Restitution in Child Pornography Cases
On Friday, December 7, the President signed into law The Amy, Vicky, and Andy Child Pornography Victim Assistance Act of 2018. The Act is Congress’ response to the Supreme Court’s decision in Paroline v. United States where the Court found that in the “special context, where it can be shown both that a defendant possessed a victim’s images and that a victim has outstanding losses caused by the continuing traffic in those images but where it is impossible to trace a particular amount of those losses to the individual defendant by recourse to a more traditional causal inquiry,” restitution should be ordered “in an amount that comports with the defendant’s relative role in the causal process that underlies the victim’s general losses.”
Immediate Significance of New Restitution Law
- imposes a mandatory minimum restitution amount of $3,000 on defendants convicted of “trafficking in child pornography”;
- piles on a new mandatory “assessment” for child pornography offenses, with monetary caps that vary by offense;
- directs courts how to calculate restitution in “trafficking in child pornography” cases; and
- authorizes the court to demand an accounting from the victim of restitution paid by other defendants.
The law was enacted on December 7. Consistent with the Ex Post Facto Clause, it states that defendants who have been convicted and are awaiting sentencing “shall be subject to the statutory scheme that was in effect at the time the offenses were committed.”
Calculation Restitution in Child Pornography Cases
Pre-existing law already imposes mandatory restitution for any offense under chapter 110 of title 18, but the new law takes the additional step of setting a mandatory minimum restitution amount of $3,000 for offenses that fall in the category of “trafficking in child pornography.” Under the new law, those are convictions for violating “section 2251(d), 2252, 2252A(a)(1)through (5), 2252A(g) (in cases in which the series of felony violations exclusively involves violations of section 2251(d), 2252, 2252A(a)(1) through(5), or 2260(b)), or 2260(b).”
In response to the Supreme Court’s decision in Paroline, the new law instructs courts how to calculate a restitution order for defendants convicted of trafficking in child pornography. The court is to begin by determining “the full amount of the victim’s losses that were incurred or reasonably projected to be incurred by the victim as a result of the trafficking in child pornography depicting the victim.” Next, the court shall set a restitution amount that “reflects the defendant’s relative role in the causal process that underlies the victim’s losses, but which is no less than $3,000.”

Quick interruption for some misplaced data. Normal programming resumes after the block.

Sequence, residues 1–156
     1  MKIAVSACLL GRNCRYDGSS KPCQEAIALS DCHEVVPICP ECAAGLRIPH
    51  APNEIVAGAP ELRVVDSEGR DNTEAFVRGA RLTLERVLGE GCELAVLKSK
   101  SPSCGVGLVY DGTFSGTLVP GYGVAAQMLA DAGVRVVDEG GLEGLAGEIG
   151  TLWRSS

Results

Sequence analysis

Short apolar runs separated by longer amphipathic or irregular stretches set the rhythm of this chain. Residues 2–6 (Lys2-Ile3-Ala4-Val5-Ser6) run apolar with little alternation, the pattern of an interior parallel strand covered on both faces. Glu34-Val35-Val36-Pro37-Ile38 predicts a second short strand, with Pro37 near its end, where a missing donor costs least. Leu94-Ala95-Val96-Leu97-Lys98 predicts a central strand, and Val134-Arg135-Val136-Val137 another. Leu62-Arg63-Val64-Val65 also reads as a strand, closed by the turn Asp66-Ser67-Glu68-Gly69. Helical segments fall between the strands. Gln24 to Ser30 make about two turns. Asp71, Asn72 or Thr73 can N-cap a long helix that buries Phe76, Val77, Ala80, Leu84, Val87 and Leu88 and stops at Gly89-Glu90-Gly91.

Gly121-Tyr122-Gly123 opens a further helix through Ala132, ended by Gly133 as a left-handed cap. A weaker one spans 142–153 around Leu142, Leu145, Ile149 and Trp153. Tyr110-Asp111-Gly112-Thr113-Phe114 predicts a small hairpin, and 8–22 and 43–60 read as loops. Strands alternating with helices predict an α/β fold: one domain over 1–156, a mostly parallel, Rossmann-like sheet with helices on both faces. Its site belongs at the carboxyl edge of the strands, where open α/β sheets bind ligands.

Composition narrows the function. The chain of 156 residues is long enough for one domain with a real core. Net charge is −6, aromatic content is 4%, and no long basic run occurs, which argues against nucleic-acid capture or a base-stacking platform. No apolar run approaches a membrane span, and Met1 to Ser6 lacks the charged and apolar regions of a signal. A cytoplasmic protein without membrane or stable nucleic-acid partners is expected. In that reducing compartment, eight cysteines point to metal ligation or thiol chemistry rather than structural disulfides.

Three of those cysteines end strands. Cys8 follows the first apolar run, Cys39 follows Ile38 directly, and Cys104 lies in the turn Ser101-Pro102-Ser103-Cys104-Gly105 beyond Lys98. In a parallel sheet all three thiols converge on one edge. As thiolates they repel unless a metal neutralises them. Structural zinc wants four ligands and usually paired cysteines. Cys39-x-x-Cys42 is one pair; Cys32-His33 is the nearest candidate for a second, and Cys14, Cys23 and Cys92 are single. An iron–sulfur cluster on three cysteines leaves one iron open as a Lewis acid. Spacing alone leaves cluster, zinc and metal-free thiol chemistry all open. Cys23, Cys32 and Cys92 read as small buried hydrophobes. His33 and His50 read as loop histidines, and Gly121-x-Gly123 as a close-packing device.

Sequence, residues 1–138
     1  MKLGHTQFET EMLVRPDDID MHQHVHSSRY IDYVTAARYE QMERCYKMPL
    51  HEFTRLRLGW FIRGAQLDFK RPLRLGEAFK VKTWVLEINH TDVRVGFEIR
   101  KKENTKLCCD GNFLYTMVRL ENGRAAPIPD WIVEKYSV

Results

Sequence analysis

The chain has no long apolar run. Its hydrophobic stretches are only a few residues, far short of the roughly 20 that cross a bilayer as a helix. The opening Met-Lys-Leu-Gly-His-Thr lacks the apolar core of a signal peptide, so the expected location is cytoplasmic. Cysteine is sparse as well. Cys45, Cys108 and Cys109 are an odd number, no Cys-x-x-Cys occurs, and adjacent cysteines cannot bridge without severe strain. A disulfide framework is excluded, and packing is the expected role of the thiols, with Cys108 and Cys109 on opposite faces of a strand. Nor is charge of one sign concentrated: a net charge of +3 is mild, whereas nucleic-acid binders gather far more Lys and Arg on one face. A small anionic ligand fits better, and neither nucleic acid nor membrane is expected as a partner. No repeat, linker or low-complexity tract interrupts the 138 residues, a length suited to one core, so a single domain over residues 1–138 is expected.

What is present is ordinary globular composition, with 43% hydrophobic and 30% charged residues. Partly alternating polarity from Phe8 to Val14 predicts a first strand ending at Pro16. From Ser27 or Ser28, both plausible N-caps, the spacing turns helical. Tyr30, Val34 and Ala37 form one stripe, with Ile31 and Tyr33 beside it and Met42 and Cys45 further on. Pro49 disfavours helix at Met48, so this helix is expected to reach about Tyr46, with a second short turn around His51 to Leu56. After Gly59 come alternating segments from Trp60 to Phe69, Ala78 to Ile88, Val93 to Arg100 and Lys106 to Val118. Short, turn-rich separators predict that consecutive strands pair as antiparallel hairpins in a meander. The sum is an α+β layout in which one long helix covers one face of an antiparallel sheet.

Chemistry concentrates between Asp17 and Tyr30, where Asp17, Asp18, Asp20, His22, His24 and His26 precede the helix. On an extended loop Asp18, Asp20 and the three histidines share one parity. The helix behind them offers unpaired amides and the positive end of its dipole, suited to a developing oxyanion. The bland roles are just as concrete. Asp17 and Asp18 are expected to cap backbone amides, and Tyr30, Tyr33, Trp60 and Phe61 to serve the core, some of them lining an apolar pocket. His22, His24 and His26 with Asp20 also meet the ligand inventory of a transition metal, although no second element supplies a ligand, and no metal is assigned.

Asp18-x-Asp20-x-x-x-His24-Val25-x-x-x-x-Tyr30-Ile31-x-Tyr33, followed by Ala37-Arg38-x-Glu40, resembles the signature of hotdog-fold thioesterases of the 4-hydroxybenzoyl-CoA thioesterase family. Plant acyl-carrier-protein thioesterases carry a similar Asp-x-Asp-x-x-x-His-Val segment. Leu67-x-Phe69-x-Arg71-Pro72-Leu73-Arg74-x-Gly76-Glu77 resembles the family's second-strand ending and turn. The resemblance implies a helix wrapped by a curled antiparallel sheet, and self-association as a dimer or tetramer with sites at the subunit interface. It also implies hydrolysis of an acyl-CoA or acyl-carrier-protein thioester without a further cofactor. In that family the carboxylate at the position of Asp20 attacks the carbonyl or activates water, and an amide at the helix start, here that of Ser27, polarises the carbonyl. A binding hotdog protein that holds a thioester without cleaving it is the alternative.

The “full amount of the victim’s losses” includes “any costs incurred, or that are reasonably projected to be incurred in the future . . . as a proximate result of the offenses involving the victim.” That includes losses that are a “proximate result of all trafficking in child pornography offenses involving the same victim.” The new law lists the kind of losses that are relevant to the restitution calculation, just as the pre-existing law did. The victim is not limited by that list and may seek other losses.
The defendant’s obligation to pay restitution is terminated once the victim receives restitution in full “as measured by the greatest amount of such losses found in any case involving that victim that has resulted in a final restitution order under this section.”
A victim in a child pornography case can choose to receive defined monetary assistance from the Child Pornography Victims Reserve. If the victim opts for defined monetary assistance, s/he will receive a one-time payment of $35,000 (indexed for inflation). Courts shall deduct the defined monetary assistance payment when calculating the victim’s losses for purposes of restitution. A victim who decides to receive defined monetary assistance is not barred from receiving restitution for any other offenses. Victims are ineligible to receive defined monetary assistance if they have already collected restitution in an amount that exceeds the amount of defined monetary assistance. Attorney’s fees for the victim’s lawyer are capped at 15% of the defined monetary assistance payment, and exceeding that cap is a violation of law punishable by a fine and up to one year of incarceration.
If You Have Questions Regarding Your Rights as a Survivor of Rape or Sexual Abuse
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